Obviously, there are a multitude of factors that contribute to the eventual outcome of trade shortages: the duration and effectiveness of COVID treatments and restrictions in place, consumer confidence, government and trade relationships, commodity prices and availability to materials and equipment. All of these and more are what cause discrepancies and uncertainty in what the outcome will actually be.

In Alberta we are dealing with our own unique challenges. Oil prices have been relatively low for the past half a decade or more. This has slowed new industrial construction to a near standstill. Due to the downturn in Oil and Gas, Albertans have seen 50 percent fewer construction jobs. This is a major deterrent for young people looking for career opportunities. It is still worth however; they do their research and note that certain skills are still a hot commodity and will be for years to come! Canadian Apprenticeship Forum has also queried that Oil and Gas is set to have a comeback in the second half of this decade. This bodes very well for Albertans!

THE FUTURE TRADE FORCE

So, what do we do with this information? What are the main takeaways? Where is the construction industry headed?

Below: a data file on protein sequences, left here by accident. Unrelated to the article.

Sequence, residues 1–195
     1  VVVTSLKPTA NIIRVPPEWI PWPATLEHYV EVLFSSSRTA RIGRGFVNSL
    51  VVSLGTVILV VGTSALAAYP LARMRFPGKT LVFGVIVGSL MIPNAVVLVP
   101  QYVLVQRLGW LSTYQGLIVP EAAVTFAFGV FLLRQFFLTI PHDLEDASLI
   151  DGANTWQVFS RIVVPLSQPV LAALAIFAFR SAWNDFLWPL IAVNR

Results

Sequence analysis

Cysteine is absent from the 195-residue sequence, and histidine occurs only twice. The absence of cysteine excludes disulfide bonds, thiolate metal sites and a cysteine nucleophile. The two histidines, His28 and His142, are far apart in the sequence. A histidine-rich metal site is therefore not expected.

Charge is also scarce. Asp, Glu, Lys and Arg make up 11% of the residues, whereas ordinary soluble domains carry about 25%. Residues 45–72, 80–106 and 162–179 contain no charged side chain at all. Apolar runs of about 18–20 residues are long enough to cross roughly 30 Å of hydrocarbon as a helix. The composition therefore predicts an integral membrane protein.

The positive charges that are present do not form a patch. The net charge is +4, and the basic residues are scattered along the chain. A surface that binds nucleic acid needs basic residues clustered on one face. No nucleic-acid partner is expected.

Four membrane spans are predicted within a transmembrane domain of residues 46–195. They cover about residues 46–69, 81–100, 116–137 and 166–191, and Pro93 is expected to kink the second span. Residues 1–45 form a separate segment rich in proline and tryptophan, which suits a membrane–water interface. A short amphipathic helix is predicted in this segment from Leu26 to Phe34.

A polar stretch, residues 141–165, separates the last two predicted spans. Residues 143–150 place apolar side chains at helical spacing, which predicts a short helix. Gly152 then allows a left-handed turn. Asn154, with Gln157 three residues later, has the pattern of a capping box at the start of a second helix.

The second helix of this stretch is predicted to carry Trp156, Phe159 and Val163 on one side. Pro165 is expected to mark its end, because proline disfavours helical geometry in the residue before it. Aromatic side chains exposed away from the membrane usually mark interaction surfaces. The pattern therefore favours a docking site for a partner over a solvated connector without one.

Fortunately, there are many programs and organizations looking for solutions to these potential workforce shortfalls. Most regions have Technical Institutes where you can enroll and be educated on necessary tickets such as your Red Seal or Blue Seal certifications. Even while in high school, it is a fantastic idea to start conversations with these facilities to learn about how to best prepare for them. If you are a parent reading this, hopefully this is an option you are willing to discuss with your teen.

Income and wage for skilled workers are VERY competitive compared to white collar positions with similar education timelines and requirements. As well as endless options in careers to choose from.

Technology is ever changing. The younger generation is absolutely a technology driven age group. With this fascination in technology, it is inevitable that new innovations along with completely new careers arise.

Government and school programs are also looking to include a larger demographic into the construction industry. For the most part, Canadian construction has been a domestic male dominated sector. A large focus has been placed and bringing more diversity to those working in the trades. Modelling our neighbours to the South who have successfully integrated a much higher diversity into highly skilled trades.

Overall, the future of the trade force and construction industry is positive. People will always need a place to live. New road and infrastructure will always be needed to travel and support business. This is one part of a cycle which happens over and over. The goal is simply to stay ahead of it. Those who do, really have the ability to seize this as an opportunity to a sought after, lucrative career option.

The next time you’re digging in the dirt with your kids, or your teenager starts to ponder his or her future career, maybe it’s an opportunity to talk about the trades and see if that could be a path for him or her.